AUSTRALIAN doctors are being told to reconsider hormone replacement therapy for menopause after a major review found the controversial treatment was safe for most women in their 50s.
Over the past decade, hundreds of thousands of women have abandoned or avoided HRT to treat symptoms of menopause because a 2002 US study said it dramatically increased the risk of heart disease, strokes, breast cancer and blood clots.
Australia's leading experts on menopause said the study had scared a generation of Australian women off using HRT, exposing them to debilitating symptoms including hot flushes, insomnia, joint pain and fatigue.
Australasian Menopause Society president Dr Jane Elliott said the review would be used to educate doctors about the updated information on the benefits and risks for women. ''I hope GPs start feeling more comfortable prescribing this for healthy women at the time of menopause for symptoms,'' she said, adding that the treatment would not be for everyone, especially those at risk of particular illnesses.
The controversial Women's Health Initiative study made public in 2002 followed 16,608 women aged 50 to 79 for an average of five years. But a group of experts, including some who worked on the original study, said a comprehensive reappraisal published this week showed that most participants were over 60 and had experienced menopause at least 12 years earlier, making the results irrelevant for menopausal women in their 50s.
In a series of articles published in Climacteric - the journal of the International Menopause Society - the specialists said the latest research showed the benefits of HRT for healthy women in their 50s significantly outweighed the risks and, in some
cases, HRT offered significant protection against heart disease, osteoporosis and colorectal cancer.
In one of the articles, Professor Henry Burger, emeritus director at Melbourne's Prince Henry's Institute, said it could be argued that, since 2002, untreated symptomatic women had lost the best years of their lives. ''In particular, women who have had a premature or early menopause are the most disadvantaged if they have been dissuaded from taking HRT because of the media image of the WHI results.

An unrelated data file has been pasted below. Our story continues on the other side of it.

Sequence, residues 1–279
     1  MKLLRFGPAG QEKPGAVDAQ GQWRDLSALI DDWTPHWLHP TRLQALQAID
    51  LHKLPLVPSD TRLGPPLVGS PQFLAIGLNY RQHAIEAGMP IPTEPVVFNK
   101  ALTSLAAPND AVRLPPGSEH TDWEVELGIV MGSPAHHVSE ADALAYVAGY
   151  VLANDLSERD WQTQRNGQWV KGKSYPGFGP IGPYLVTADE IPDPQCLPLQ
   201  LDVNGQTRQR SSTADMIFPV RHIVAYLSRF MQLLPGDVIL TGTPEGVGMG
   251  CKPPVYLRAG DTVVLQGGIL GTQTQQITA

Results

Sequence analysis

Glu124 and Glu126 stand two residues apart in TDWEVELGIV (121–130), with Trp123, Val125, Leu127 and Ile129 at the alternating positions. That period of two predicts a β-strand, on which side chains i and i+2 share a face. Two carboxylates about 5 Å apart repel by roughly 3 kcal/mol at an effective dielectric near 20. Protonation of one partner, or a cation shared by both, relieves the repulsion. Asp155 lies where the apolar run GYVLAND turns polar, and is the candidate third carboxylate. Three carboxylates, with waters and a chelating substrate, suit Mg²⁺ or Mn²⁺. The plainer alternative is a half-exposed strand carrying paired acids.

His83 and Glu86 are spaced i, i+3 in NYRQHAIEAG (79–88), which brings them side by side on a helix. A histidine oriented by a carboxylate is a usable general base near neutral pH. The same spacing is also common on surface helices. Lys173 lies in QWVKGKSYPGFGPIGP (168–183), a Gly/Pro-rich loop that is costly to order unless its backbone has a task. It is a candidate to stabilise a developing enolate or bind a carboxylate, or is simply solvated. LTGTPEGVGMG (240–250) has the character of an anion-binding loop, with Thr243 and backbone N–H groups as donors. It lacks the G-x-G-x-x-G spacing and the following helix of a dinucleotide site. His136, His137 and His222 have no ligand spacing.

They will be at increased risk of osteoporotic fractures, premature cardiovascular disease, premature dementia and a major decrease in sexuality and quality of life,'' he and his colleagues wrote.
Rod Baber, general secretary of the International Menopause Society and an associate professor of obstetrics and gynaecology at Sydney University, said the 2002 study resulted in a drop in HRT use among women over 50 from about 30 per cent in 2002 to about 15 per cent now.
He told The Age that, for healthy women in their 50s, combined HRT - oestrogen and progesterone - would not increase the risk of breast cancer if they took it for less than five years. Symptoms generally last two to five years. In women who took it for more than five years, it caused one extra case of breast cancer in every 1000 women each year and one extra stroke for every 1000 women each year.
If HRT was taken orally, he said, the risk of a blood clot increased somewhat, with one extra case of deep vein thrombosis in very 10,000 women. However, he said if women took oestrogen only, there was a long-term decreased risk of breast cancer, and combination HRT improved heart and bone health.
About 2 million Australian women are going through or approaching menopause, when menstruation ends and the body's production of the sex hormones oestrogen and progesterone drops off. About 80 per cent experience moderate or severe
To Read more click on the Rockpool book, by Barry Wren: Menopause: Change Choice and HRT
Julia Medew – 23 May, 2012